Roots of Pacha | War of words erupts over friendly farm sim

Roots of Pacha delisted on Steam

Roots of Pacha mysteriously disappeared from Steam on 13th May, with both the publisher and developer pointing fingers.


Like onlookers to a drunken fist fight in a pub car park, the internet has been craning its neck to ogle the very public bust up between developer Soda Den and publisher Crytivo. And the irony is that the ugly tussle is over possibly the most wholesome and saccharine game you could imagine.

Roots of Pacha is a co-op farming and life simulation game in the vein of Stardew Valley, although with a Stone-Age setting. The game was released on 25th April on Steam, but then on 13th May, the Steam listing suddenly disappeared with no explanation.

Soon after, a tweet appeared from San Diego-based developer Soda Den, saying: “We are sad to report that we have been engaged in a dispute with Crytivo over the rights to Roots of Pacha.”

The post goes on to say that Soda Den has “worked hard to amicably resolve our issue with Crytivo internally. Instead of working with us to address the issue, Crytivo went to Valve and authorized them to remove Roots of Pacha from Steam without our knowledge or consent.”

The day after, Crytivo responded with a statement of their own, pointing the finger of blame firmly at Soda Den. “On April 27th, just two days after the successful release, we received an unexpected message from the Soda Den team, informing us they were claiming to unilaterally rescind the contract we had worked under for three years, treating it as void,” complained Crytivo. “This disregarded all of our work and the agreed-upon revenue-sharing contract terms. Shortly after, they removed our access to the Steam page for our team.”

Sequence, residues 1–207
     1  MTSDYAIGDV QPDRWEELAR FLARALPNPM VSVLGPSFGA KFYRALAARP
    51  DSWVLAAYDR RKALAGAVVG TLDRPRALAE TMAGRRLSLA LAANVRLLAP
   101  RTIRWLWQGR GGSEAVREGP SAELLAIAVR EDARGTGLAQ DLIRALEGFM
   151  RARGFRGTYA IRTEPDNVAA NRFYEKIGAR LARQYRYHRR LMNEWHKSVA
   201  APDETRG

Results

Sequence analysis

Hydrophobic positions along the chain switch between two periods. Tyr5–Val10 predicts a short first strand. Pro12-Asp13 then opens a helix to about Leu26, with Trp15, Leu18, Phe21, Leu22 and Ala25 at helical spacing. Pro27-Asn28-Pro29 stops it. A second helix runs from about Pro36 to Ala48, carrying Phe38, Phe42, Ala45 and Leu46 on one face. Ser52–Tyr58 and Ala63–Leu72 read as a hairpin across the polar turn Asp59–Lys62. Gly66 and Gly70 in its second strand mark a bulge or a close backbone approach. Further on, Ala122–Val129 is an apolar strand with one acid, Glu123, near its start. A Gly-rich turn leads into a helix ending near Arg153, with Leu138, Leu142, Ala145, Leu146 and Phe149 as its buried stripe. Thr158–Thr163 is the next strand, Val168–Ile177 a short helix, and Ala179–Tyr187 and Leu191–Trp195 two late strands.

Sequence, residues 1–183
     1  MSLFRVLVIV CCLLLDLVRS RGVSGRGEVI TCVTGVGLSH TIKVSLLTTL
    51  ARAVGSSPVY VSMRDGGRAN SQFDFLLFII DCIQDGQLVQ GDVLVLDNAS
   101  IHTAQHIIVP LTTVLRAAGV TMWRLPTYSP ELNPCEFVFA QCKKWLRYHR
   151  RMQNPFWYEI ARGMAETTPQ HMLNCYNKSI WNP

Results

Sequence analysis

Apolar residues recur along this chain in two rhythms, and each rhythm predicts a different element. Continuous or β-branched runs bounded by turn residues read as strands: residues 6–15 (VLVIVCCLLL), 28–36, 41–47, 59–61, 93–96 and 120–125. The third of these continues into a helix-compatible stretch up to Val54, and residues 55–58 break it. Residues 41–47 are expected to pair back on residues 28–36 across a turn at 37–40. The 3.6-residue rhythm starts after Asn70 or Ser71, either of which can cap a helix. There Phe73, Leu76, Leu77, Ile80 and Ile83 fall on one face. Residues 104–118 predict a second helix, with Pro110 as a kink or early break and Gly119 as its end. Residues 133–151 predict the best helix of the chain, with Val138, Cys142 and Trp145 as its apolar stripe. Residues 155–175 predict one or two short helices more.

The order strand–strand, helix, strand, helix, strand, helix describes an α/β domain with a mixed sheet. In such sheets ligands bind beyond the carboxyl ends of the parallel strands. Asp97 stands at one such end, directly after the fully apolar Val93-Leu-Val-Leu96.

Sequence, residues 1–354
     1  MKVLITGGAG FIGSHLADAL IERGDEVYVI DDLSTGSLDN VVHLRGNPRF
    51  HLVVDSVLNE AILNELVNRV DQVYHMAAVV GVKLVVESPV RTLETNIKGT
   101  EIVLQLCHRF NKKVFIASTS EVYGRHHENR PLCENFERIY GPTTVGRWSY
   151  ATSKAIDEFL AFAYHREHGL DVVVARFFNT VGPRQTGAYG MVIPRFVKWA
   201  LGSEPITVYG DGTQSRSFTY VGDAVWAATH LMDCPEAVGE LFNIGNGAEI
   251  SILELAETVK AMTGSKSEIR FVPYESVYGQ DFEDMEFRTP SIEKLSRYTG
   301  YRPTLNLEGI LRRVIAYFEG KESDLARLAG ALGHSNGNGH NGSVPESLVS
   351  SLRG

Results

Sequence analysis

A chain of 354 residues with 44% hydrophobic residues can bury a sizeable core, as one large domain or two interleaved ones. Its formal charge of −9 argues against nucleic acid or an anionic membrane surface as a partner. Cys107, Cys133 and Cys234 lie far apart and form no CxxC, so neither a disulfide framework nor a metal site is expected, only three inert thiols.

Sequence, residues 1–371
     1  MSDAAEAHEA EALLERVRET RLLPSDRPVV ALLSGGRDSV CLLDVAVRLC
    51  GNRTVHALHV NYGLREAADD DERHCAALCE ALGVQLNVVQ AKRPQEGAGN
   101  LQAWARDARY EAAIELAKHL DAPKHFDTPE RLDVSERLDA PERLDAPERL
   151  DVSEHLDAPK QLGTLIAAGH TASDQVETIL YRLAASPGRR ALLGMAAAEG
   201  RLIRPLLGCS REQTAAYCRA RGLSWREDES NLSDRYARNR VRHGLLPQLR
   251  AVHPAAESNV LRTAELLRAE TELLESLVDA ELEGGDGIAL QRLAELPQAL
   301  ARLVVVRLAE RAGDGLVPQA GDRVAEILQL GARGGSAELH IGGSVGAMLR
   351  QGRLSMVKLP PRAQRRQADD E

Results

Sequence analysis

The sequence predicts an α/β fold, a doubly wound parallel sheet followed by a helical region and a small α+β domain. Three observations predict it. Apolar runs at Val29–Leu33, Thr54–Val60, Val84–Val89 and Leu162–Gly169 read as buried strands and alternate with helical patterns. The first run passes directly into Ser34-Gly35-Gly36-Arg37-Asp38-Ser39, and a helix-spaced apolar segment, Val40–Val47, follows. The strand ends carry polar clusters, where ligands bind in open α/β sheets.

The statement goes on to say that under Valve’s policy, “if there is a dispute between parties, they remove the page until the dispute is resolved”.

At the time of writing, the Steam listing for Roots of Pacha is still noticeably absent, and presumably there must be some heated discussions behind the scenes, with contracts being flourished and terms disputed. For the moment, players who have already bought Roots of Pacha can still play it and receive patches, but it remains unavailable for purchase.

It’s far from the first time that a game has been delisted while developers and publishers go head to head in a war of words. In 2019, for example, Frogwares had a very public spat with publisher Focus Home Interactive over the delisting of its Sherlock Holmes games. Ah, capitalism.

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